Wednesday, June 16, 2010
Over at The Growing Bin there is just a wonderful, crazy record, recently posted... I haven't even finished listening to it, to be honest, but it's so weird and beautiful that I felt inclined to crawl up on my mountaintop and declare my love for this record. Weird, weird kraut-synth with Manuel Gottsching (of Ash Ra Tempel, among other things) on "Hawaiian guitar," some oddball German vocals, and gallons of echo fluid. This is extremely unique.
Go over there and get it, or just grab it here if you are lazy. That's a fantastic blog, though, so scurry on over, you beautiful squirrels, and collect some incredibly weird nuts.
Monday, June 14, 2010
This represents the opposite end of the Sun City Girls spectrum from Torch of the Mystics. A harrowing and hilarious series of rants backed by off-kilter free-form fake-jazz, this finds the Girls exploring their inner Burroughs/conspiracy theorist/schizophrenic poet. Paranoid, faux-official ravings abound, delivered in the voice of fringe scientists, g-men, hermits, maniacs, street people, and Uncle Jim.
Fans of seriously fucked up poetry will appreciate this, but it's not exactly spoken poetry for the sake of literature; it's something stranger and more damaged than writing, conveyed with an urgency that undercuts the silliness of the play act and manages to completely unnerve and engross. It's like when you hear field recordings of possessed people, speaking in the voice of their demon, and it sounds really fake and ridiculous, but something about that phony unscariness makes it hair-raisingly horrifying. By the end of this record, you will wonder if these dudes really do have a line on the secret of the Sasquatch and the extraterrestrial man-farming of the planet. Maybe these dudes are right when they say the seventies never happened.
The best section is probably Alan Bishop-as-Uncle Jim's "The GHENGIS-Necro-Nama-KHAN Pt. 4." Here are some tidbits from that track:
"Sometimes a dead man can be a powerful enemy."
"Let's face it Mr. President: I'd be immortal in your world, you'd last a minute in mine."
"Socialite pals are a dime a dozen, but I'm the crime of the century, cousin."
"Who cares who killed Kennedy? Cuz your Uncle Jim's gonna pull out the scalpel and lance all your Worth, Fort!"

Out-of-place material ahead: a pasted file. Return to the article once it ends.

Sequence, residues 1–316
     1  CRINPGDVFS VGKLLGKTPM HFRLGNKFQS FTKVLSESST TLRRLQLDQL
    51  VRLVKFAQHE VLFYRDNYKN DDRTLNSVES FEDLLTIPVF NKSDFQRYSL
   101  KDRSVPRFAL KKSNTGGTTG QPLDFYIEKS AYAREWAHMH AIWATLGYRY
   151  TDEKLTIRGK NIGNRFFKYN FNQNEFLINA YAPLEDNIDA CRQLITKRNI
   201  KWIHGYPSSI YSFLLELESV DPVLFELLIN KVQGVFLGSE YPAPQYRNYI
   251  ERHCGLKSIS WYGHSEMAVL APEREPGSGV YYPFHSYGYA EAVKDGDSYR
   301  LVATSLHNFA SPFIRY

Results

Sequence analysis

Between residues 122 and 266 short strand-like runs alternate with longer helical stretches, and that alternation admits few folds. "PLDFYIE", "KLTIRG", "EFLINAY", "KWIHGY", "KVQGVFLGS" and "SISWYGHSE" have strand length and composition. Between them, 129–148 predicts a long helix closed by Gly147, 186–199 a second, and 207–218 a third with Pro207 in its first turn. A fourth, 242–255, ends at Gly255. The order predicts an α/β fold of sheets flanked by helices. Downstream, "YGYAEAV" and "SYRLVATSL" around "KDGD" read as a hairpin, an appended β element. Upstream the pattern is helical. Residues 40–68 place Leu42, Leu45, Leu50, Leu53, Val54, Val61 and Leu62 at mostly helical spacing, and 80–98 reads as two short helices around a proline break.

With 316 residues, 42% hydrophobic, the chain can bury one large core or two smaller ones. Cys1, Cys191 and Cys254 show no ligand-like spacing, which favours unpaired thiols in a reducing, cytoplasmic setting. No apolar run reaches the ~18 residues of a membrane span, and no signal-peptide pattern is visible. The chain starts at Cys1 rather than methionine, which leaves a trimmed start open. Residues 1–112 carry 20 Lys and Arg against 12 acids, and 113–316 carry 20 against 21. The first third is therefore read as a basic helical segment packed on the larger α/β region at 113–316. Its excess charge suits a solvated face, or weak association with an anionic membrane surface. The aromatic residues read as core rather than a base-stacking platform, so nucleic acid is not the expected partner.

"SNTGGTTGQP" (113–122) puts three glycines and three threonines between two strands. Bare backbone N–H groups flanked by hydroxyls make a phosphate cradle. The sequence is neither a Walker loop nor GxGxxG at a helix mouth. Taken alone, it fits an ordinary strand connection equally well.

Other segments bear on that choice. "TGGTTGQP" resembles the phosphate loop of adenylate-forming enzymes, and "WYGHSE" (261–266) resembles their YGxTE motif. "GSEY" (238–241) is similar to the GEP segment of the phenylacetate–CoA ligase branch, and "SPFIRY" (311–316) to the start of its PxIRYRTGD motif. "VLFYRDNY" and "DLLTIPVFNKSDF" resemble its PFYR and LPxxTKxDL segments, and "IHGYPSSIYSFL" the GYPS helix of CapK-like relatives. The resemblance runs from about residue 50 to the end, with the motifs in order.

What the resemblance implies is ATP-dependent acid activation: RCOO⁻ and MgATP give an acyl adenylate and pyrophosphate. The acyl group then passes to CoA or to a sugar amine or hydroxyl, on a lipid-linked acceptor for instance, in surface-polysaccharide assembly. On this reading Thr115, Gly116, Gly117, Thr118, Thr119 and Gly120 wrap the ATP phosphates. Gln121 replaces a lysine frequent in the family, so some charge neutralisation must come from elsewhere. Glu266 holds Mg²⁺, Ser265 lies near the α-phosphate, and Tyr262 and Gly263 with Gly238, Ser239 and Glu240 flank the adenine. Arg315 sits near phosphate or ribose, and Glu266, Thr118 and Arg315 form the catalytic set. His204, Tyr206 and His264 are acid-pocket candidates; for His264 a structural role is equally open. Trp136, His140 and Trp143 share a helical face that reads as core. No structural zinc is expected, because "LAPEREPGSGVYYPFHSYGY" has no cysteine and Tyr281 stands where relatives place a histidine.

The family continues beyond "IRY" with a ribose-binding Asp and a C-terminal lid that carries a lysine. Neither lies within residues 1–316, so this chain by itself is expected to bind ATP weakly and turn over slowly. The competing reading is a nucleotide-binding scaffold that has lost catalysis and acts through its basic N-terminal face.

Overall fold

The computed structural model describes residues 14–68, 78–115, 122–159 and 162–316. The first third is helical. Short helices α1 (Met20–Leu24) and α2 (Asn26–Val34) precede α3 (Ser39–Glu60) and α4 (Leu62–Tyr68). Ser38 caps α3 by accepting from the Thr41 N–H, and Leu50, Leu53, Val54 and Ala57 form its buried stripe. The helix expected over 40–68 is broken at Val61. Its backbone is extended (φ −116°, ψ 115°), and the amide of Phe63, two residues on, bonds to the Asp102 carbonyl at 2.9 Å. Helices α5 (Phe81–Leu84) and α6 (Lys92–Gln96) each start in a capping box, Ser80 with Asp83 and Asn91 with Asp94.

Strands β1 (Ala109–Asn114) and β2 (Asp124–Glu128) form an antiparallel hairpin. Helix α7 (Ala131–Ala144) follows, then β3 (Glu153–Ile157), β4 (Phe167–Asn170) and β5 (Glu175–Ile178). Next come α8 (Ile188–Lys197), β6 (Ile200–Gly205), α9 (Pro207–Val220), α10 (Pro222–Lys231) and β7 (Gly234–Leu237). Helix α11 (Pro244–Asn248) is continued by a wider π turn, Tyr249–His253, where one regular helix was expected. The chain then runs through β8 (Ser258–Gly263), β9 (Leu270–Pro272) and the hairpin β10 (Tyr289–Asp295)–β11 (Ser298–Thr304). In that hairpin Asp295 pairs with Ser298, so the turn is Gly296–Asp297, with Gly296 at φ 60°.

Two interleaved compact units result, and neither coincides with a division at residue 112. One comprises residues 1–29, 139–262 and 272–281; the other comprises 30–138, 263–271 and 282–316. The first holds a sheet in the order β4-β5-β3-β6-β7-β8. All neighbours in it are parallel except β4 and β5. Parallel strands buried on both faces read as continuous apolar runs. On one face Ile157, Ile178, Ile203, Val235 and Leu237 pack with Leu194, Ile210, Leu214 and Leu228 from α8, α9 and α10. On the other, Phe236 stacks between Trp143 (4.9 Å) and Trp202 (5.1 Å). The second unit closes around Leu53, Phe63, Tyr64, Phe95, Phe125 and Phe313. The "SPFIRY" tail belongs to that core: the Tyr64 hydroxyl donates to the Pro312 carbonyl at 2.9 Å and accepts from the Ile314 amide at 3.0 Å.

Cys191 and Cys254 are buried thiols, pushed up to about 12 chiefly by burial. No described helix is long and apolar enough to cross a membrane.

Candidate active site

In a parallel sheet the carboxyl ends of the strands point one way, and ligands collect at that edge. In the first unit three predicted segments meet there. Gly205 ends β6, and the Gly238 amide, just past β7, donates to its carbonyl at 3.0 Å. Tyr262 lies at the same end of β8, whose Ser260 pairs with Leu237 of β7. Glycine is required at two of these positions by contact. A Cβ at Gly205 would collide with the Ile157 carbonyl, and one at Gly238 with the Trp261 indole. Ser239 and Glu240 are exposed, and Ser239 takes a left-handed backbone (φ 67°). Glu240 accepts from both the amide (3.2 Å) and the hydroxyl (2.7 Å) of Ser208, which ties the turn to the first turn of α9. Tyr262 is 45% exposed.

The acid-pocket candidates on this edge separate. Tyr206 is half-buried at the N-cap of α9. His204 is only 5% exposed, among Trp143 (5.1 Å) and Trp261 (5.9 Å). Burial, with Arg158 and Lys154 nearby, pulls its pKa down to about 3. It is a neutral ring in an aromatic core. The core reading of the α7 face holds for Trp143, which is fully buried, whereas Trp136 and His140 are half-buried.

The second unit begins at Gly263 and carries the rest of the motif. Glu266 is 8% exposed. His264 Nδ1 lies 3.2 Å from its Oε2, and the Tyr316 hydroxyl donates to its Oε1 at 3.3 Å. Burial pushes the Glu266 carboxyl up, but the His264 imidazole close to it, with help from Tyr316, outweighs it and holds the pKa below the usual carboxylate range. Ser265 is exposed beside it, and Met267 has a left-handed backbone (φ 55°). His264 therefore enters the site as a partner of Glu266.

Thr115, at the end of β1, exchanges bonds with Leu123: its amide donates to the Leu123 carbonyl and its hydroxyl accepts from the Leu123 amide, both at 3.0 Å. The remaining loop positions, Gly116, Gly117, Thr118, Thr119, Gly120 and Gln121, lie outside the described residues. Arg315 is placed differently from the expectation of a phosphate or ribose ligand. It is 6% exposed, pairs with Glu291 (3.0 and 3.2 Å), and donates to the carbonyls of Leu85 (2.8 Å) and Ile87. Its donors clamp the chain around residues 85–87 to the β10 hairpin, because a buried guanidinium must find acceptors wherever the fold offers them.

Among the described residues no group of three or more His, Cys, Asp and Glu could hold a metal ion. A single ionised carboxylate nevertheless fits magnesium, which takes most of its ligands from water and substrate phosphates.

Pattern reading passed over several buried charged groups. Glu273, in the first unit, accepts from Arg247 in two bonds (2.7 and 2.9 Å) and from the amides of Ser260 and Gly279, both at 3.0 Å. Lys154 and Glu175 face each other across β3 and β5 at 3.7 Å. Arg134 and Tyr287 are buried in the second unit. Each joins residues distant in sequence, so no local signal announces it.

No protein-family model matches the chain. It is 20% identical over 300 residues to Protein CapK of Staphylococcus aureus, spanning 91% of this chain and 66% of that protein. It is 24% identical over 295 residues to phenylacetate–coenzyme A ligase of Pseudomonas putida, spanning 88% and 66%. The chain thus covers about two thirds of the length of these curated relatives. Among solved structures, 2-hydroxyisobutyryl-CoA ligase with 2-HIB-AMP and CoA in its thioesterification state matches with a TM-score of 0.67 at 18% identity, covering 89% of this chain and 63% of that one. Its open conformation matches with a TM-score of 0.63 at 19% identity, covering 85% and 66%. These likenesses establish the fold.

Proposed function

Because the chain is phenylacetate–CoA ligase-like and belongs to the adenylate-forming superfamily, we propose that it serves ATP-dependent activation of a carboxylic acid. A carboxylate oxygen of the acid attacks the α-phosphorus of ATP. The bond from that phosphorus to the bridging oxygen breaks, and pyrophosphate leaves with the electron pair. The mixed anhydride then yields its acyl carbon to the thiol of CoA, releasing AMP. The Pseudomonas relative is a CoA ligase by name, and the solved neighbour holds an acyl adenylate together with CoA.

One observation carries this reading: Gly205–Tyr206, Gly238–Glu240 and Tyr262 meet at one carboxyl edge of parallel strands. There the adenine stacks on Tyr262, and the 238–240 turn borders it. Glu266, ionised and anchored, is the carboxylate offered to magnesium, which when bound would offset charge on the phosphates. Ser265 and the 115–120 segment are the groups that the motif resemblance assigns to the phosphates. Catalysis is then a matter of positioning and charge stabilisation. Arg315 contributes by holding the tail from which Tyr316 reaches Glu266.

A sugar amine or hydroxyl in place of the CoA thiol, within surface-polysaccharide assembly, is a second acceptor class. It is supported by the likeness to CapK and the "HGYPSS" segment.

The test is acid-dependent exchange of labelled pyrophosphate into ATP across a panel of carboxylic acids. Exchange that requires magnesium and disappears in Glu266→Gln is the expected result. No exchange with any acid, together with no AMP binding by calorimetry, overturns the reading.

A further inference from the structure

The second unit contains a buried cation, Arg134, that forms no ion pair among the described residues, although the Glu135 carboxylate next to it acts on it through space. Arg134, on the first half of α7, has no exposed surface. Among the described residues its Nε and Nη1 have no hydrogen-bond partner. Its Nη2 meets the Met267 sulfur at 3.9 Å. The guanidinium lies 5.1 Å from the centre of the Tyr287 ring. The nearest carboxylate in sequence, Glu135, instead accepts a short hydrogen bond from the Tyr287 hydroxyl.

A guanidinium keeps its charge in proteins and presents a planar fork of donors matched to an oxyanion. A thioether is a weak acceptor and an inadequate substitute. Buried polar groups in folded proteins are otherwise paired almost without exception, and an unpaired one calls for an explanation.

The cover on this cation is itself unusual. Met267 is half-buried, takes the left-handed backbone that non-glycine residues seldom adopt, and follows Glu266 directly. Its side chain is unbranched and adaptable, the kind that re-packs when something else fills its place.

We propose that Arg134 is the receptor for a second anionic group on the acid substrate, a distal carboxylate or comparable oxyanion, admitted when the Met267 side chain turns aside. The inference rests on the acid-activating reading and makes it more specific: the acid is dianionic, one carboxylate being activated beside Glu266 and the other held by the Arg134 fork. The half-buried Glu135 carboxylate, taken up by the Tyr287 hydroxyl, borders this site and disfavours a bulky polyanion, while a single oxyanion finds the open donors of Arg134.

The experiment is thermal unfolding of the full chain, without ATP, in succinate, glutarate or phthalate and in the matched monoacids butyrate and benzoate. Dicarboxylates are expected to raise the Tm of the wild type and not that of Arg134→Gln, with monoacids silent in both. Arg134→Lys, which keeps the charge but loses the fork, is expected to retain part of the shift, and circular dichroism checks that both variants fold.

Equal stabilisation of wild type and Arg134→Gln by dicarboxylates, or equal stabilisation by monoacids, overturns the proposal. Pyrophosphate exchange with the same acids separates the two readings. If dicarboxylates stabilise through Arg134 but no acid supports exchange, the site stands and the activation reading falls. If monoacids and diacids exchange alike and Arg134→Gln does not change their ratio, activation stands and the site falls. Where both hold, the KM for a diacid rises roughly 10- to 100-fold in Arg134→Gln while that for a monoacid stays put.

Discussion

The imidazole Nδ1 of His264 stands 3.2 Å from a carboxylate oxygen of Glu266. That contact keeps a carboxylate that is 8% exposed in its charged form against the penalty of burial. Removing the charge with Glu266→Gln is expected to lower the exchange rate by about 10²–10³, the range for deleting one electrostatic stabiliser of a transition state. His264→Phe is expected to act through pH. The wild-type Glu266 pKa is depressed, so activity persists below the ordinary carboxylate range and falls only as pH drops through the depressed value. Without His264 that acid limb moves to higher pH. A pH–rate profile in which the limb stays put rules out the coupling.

"You don't want the woman riding on top, she'd probably screw ya into the dirt cuz that's what the missionary's been doin' to her since Jesus wept for a little variety in his sex life with Mary Magdalene... kinda like not havin' much to rhyme with Gnostic... cuz they want ya to forget it... but that's not true of King James, now, is it?"
"And while you're waitin' for the cows to come home, and they won't be believe me... something else needs their blood more than you need their milk, can I interest you in a little game of, 'let's spot the black chopper....'"
"yer gonna count sheep in a pine box til they turn into pterodactyls..."
He's really a master of paranoid locution and nervously guttural inflection, wrangling deliciously awkward little rhymes with a murderer's delight and never stopping to complete a thought before moving on to the next bit. But the whole group excels at this kind of hallucination poetry theater, and the record takes you on a tour of many kinds of crawling insanity, both institutional and syphilitic. Uncle Jim's diatribe is merely the most accessibly poetic, whereas the rest is a visceral, verbal nightmare... a lot of folks have balked at this type of material (the similar Sun City album, Jack's Creek, is universally panned although I love it, more on that later), but I find it so affecting, stimulating, and thoroughly believed and inhabited that I must say: love it or hate it, it's undeniably Art. Vibrating on multiple planes.
This recording comes from a live radio broadcast done in 1994.
Get this album and experience another moment in the unpredictable career of these three men, America's most vital closet sorcerors. Because you are all just a bunch of Moveable Food...
Sunday, June 13, 2010
Howling in the Jungle, Hungry for Drums: Sabu and His Jungle Percussionists- Jungle Percussion (196?)
I don't know much of anything about this one. I got it over at Orgy in Rhythm (a great blog, one of the best) a while back, and even he doesn't have a lot of info on this record. But straight to hell with knowledge, when we have sounds like these to fill the void!
This is a bunch of Afro and/or Latin drum jams bursting at the seams with chants and call-and-response. I don't know about you and I don't know who you are, but I'm always in the market for a record that promises to offer nothing more than drums and pseudo-ethno-vocalizations, with no distractions. But I am a man of particular tastes.
Jungle Percussion! 320